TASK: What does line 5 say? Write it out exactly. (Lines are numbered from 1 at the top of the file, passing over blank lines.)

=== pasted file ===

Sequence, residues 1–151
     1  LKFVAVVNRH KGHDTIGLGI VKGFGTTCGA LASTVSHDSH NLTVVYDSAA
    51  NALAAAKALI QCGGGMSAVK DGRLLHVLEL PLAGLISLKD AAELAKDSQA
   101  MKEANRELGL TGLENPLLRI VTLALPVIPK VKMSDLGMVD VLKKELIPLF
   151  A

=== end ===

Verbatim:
   151  A